The families who participate in our Reading into History Family Book Club are no strangers to discussing the history of slavery and race in America, but this month’s book, Jefferson’s Sons by Kimberly Brubaker Bradley, takes us into new territory: the relationship between the third U.S. President Thomas Jefferson and an enslaved woman he owned, Sally Hemings. Bradley’s gut-wrenching and fascinating work of historical fiction tells young readers the story of Hemings and Jefferson’s enslaved children growing up at Monticello, Jefferson’s plantation, as seen through their eyes. The family book club will meet to discuss the novel and see documents and images from our Special Collections Library related to slavery, Hemings, and Jefferson on Sunday, May 15 at 2 pm. Best of all, we’ll be skyping with acclaimed author Kimberly Brubaker Bradley during the meeting! We asked Bradley a few questions to prepare readers before talking with her on Sunday. Read on and join us for the meeting. As always, book club meetings are free with Museum admission and no RSVPs are required. Email firstname.lastname@example.org with questions.
DiMenna Children’s History Museum: What inspired you to write this novel from the perspective of Beverly and Maddy, Thomas Jefferson and Sally Hemings’ enslaved sons, and Peter Fossett, another enslaved boy at Monticello?
Kimberly Brubaker Bradley: I used three narrators and chose the ones I did because of the enormous timeline of this book―it covers 20 years. I wanted to start while Jefferson was still President and end with his death, and to keep a juvenile narrator (a juvenile point-of-view was absolutely necessary to keep this book from becoming too adult for young readers) I had to switch out narrators. Also I really wanted to end with Peter’s sale, which is both gut-wrenching and absolutely true. Peter is actually one of our few sources of primary research material, as he left a long written account of his life as a small boy at Monticello. Peter achieved freedom when he was in his 30s; he became a Baptist minister, a caterer, and a conductor on the Underground Railroad.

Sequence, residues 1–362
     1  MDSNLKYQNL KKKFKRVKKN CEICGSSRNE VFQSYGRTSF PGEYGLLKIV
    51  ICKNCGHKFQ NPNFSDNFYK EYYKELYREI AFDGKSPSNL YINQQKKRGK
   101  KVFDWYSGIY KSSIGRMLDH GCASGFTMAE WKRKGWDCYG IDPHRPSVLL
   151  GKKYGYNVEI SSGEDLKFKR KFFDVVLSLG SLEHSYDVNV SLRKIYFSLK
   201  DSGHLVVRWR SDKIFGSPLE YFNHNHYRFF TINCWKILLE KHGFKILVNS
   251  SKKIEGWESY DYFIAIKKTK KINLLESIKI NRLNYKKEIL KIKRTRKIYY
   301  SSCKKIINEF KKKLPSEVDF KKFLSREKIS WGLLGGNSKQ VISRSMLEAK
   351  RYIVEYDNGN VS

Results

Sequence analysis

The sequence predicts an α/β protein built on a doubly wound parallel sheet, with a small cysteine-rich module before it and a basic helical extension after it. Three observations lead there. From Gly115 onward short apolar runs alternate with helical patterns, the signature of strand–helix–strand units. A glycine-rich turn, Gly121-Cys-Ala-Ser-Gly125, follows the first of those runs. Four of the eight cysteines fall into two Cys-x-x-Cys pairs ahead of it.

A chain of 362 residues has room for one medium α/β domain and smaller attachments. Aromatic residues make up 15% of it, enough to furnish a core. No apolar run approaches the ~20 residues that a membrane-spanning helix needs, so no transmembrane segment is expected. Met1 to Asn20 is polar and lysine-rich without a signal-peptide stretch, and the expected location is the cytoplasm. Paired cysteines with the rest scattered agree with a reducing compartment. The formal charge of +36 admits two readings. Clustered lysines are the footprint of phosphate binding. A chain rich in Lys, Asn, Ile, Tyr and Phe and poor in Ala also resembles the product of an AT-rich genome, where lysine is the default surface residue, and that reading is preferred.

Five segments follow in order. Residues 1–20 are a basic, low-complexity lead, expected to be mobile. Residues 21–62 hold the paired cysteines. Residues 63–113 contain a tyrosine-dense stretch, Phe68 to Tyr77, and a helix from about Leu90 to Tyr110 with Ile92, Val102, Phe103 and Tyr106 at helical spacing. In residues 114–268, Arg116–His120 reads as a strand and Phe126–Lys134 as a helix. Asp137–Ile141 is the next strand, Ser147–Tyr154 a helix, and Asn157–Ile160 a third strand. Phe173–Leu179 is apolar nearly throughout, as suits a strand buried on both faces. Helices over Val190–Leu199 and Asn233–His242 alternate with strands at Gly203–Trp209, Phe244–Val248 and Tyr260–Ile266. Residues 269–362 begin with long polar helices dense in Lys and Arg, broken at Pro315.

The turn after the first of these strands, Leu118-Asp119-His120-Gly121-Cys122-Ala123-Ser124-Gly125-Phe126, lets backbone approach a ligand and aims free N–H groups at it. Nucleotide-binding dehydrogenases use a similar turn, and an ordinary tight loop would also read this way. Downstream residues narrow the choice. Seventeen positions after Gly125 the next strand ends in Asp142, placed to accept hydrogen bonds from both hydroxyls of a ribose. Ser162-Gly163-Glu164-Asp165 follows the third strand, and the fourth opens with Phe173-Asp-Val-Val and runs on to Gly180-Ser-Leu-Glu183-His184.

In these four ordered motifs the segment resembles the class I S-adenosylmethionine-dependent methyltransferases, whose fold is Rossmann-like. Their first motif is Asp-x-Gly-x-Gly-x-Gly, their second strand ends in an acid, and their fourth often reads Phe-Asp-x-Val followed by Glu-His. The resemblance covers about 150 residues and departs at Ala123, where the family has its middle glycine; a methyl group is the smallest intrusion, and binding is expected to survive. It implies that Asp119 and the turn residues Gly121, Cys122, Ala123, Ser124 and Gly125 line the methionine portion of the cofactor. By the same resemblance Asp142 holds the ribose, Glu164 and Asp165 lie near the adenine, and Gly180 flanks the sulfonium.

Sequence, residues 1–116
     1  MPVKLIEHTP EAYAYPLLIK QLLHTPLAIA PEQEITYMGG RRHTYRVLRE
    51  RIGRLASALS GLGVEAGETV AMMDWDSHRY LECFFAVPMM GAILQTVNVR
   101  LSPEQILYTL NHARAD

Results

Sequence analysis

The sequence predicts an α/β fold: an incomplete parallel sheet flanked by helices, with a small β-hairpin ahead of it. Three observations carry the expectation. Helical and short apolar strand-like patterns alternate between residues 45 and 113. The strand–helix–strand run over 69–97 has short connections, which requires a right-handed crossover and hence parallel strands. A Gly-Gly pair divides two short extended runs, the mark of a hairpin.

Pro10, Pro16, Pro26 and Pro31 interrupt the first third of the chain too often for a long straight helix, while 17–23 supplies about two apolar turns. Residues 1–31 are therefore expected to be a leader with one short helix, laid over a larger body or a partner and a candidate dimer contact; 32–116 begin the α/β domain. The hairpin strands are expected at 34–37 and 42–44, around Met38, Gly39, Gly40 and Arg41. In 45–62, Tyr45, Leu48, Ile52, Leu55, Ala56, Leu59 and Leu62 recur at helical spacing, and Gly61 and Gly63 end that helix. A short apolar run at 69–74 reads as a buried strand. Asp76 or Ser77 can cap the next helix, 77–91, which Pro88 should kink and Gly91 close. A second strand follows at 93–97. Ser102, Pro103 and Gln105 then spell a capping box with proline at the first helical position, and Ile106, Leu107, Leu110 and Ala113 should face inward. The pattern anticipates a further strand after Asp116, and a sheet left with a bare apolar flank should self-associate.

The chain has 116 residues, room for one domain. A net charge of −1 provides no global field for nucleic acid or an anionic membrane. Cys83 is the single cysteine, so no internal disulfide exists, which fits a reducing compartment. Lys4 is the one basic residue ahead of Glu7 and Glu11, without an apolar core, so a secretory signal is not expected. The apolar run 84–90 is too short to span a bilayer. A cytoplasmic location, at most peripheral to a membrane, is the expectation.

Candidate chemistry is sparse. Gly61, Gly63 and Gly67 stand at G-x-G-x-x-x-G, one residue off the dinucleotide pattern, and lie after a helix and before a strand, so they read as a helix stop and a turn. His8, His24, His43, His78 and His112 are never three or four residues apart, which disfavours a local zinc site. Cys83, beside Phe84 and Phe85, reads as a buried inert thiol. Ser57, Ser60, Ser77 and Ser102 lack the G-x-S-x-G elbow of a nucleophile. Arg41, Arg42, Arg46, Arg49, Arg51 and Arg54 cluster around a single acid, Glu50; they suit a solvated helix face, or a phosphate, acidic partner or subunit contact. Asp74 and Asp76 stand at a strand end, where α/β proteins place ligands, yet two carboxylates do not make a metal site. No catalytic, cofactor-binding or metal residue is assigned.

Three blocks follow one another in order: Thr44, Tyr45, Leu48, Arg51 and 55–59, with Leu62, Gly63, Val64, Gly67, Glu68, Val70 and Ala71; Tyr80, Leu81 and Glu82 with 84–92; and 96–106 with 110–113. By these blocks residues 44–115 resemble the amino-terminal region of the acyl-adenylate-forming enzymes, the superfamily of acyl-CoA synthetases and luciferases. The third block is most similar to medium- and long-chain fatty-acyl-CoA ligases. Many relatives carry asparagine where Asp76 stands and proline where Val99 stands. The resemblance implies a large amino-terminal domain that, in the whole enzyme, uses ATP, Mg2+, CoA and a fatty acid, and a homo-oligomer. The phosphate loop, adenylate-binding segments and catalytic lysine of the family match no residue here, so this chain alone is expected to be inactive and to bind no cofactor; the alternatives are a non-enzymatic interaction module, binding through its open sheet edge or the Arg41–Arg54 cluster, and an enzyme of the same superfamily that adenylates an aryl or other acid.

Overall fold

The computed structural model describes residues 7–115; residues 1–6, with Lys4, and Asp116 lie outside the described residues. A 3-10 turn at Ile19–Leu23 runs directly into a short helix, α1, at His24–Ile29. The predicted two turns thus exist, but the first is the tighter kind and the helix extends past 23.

DCHM: How did you do research for this book? Did you get to look at any original artifacts or documents in your process?
KBB: I went to Monticello twice and to Poplar Forest, Jefferson’s other home, and I read all the primary source material I could find. I also relied on online research through the historical arm of Monticello. They’ve got an extraordinary amount of source material already digitized, and they were also always ready to answer my questions. I did the research in several waves, in between major drafts of the story.
DCHM: What is the most surprising or interesting thing you learned while researching and writing this book?
KBB: I think for me it was a shift in how I viewed the relationship between Jefferson and Sally Hemings. When I started my research I thought, quite frankly, that the only word to describe it was rape. The truth was more nuanced than that. Consent doesn’t exist where one person owns another, yet I came to believe that Sally did have some agency, and that she used what she had. She made hard choices for the good of her family.
DCHM: What part of Jefferson’s Sons was the most difficult to write? What part was the easiest or most fun?
KBB: Hands down, the hardest part was when James Fossett is sold. I didn’t know that early on in my research and to write the scene felt impossible. I went through several drafts to find something that felt true, that I could live with, but I still hate, hate, hate that that little boy was sold. He disappears from history; we don’t know what happened to him, but we don’t think he ever achieved freedom or lived with his parents again because we’d find records of him then. The easiest part to write, although horrible, was the ending, with the repetitions of the word ‘sold’ like the auction hammer coming down.
DCHM: You’ve written a few books with historical themes. Do you have a favorite historical era to read about and/or write about?
KBB: I’ve written about World War II several times, and that’s an era I find very interesting.
DCHM: What three words best describe Jefferson’s Sons?
KBB: You’d have to ask my readers―my words would be difficult, honest, complex.
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